Ventilation introduces outdoor air to replenish the oxygen supply and rid building spaces of odors and toxic gases. Ventilation can also be used to pressurize a building to reduce infiltration. While ventilation is required in nearly all buildings, the design of a ventilation system must consider the cost of heating and cooling the ventilation air. Ventilation air must be kept at the minimum required level except when used for free cooling (refer to ASHRAE Standard 62, Ventilation for Acceptable Indoor Air Quality).
To ensure high-quality ventilation air and minimize the amount required, the outdoor air intakes must be located to avoid building exhausts, vehicle emissions, and other sources of pollutants. Indoor exhaust systems should collect odors or contaminants at their source. The amount of ventilation a building requires may be reduced with air washers, high efficiency filters, absorption chemicals (e.g., activated charcoal), or odor modification systems.
Ventilation requirements vary according to the number of occupants and the intended use of the space. For a breakdown of types of spaces, occupancy levels, and required ventilation, refer to ASHRAE Standard 62.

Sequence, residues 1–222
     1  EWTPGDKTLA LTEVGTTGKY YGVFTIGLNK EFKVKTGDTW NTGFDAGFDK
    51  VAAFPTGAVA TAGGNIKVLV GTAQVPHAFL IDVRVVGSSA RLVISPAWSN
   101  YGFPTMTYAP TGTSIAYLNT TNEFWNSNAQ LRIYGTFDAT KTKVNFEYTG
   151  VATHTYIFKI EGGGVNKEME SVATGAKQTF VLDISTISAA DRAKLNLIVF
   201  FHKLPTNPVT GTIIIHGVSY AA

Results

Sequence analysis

below Figure shows a ventilation system that supplies 100 percent outdoor air. This type of ventilation system is typically used where odors or contaminants originate in the conditioned space (e.g., a laboratory where exhaust hoods and fans remove fumes). Such applications require make-up air that is conditioned to provide an acceptable environment.
In many applications, energy costs make 100 percent outdoor air constant volume systems uneconomical. For that reason, other means of controlling internal contaminants are available, such as variable volume fume hood controls, space pressurization controls, and air cleaning systems.
A ventilation system that uses return air is more common than the 100 percent outdoor air system. The return air ventilation system recirculates most of the return air from the system and adds outdoor air for ventilation. The return-air system may have a separate fan to overcome duct pressure losses. The exhaust-air system may be incorporated into the air conditioning unit, or it may be a separate remote exhaust. Supply air is heated or cooled, humidified or dehumidified, and discharged into the space.
Ventilation systems should provide an acceptable indoor air quality, utilize outdoor air for cooling (or to supplement cooling) when possible, and maintain proper building pressurization.